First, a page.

Born in a light house, by Cape Leeuwin’s salty spray
She became her father’s keeper, when her mother passed away
No time for schoolyard games, another skill she made
With morse code and semaphore, she learned her father’s trade

She kept a silent vigil, over King George Sound
Watching war bound convoys, from a Breaksea mound
With flags and a mirror, she became the final link
Between the families and an army, sailing off to hell’s brink

Barely fifteen years of age, she left her childhood ways
Thrust into maturity, to pray for peaceful days
She was soon to realise, the lessons all would learn
From the countless lines of thousands, the ones who’d not return

She was like a beacon, on her island by the coast
When southern winds blew a gale, she gamely held her post
As each ship departed and ploughed the stormy foam
She had sent the soldiers greetings, to loved ones left at home

When those vessels made their sad return, with the wounded sick and lame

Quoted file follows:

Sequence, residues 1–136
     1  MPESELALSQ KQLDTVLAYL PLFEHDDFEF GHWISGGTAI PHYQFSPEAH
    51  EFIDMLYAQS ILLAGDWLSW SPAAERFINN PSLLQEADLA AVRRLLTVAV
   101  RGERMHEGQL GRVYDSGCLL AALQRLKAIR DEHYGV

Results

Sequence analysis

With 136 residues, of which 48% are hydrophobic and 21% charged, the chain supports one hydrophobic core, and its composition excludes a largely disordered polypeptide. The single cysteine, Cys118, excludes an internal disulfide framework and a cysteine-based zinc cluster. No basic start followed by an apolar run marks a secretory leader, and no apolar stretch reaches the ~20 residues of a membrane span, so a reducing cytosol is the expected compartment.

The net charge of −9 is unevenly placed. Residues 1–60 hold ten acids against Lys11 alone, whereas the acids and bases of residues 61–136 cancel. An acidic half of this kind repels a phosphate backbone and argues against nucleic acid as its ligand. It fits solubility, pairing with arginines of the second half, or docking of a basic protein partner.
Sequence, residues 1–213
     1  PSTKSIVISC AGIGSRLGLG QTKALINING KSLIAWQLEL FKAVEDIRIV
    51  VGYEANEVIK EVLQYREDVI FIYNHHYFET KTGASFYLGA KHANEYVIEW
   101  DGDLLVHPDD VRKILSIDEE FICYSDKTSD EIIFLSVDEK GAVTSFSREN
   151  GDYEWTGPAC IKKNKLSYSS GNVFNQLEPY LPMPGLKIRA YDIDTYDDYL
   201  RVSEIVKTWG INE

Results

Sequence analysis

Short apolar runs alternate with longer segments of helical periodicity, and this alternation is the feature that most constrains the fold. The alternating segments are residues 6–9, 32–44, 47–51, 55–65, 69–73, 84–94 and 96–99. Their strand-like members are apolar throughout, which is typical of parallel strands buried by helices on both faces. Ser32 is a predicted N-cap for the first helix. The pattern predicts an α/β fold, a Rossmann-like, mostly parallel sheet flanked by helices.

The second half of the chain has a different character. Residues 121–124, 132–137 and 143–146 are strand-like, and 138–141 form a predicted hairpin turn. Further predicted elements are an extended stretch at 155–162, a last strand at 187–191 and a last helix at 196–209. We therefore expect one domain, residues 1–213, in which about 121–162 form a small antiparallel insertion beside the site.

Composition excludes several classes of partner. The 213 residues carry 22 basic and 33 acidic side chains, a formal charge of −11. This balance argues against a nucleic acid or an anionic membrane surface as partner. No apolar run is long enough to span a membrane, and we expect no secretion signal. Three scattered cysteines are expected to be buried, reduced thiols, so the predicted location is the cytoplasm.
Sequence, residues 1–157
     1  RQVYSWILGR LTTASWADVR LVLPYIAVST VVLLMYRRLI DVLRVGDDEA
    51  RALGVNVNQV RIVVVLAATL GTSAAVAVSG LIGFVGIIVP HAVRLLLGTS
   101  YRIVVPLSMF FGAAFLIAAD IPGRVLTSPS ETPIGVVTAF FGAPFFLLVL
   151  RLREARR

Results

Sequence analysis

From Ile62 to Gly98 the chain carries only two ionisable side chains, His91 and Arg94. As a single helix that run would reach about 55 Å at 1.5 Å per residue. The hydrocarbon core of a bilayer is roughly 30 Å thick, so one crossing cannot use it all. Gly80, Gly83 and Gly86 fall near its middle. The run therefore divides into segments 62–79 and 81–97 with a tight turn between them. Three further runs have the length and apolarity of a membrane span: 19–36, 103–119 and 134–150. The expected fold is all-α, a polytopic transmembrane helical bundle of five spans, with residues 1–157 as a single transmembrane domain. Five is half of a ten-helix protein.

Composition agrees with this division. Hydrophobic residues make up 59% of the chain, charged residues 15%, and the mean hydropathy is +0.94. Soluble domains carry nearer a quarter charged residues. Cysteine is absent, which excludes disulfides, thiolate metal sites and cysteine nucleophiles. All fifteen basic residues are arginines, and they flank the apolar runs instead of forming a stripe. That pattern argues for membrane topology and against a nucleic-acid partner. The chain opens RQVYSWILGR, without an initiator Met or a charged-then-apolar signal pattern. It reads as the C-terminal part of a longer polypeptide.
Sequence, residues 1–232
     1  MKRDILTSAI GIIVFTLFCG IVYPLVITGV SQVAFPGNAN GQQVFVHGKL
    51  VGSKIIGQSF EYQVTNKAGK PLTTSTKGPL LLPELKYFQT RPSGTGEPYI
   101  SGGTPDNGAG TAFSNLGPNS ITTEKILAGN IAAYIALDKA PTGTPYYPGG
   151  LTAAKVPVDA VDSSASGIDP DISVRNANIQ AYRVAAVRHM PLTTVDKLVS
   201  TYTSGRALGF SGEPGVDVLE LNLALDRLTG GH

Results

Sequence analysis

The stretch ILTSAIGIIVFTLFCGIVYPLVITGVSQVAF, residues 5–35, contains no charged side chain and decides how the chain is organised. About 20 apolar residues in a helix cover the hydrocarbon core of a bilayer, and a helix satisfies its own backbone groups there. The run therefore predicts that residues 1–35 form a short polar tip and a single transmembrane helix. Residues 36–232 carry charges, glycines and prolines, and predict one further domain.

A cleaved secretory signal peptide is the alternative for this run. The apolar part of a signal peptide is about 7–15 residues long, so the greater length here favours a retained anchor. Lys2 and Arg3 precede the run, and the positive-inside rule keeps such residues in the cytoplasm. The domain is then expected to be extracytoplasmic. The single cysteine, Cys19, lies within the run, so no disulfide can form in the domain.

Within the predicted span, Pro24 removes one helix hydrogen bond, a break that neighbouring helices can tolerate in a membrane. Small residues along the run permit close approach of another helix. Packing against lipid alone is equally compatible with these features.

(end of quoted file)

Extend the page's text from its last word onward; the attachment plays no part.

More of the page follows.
Her message would bring them hope, though few would know her name
As the last shot was fired and final words were said
Only then the country paused, to try and count the dead

Now our nation stops in silence, to remember those who died
The trusted souls of Albany, recall her name with pride
Though glory was bestowed, on generals of renown
The girl on Breaksea Island, her title is her crown

By Tomas ‘Paddy’ Hamilton
28 January 2018


CAPTION: Fay Howe, the girl from Breaksea Island, pictured in her late teens. Image courtesy Don Howe and the Albany History Collection.





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Posted by Brian Hartigan

Managing Editor Contact Publishing Pty Ltd PO Box 3091 Minnamurra NSW 2533 AUSTRALIA

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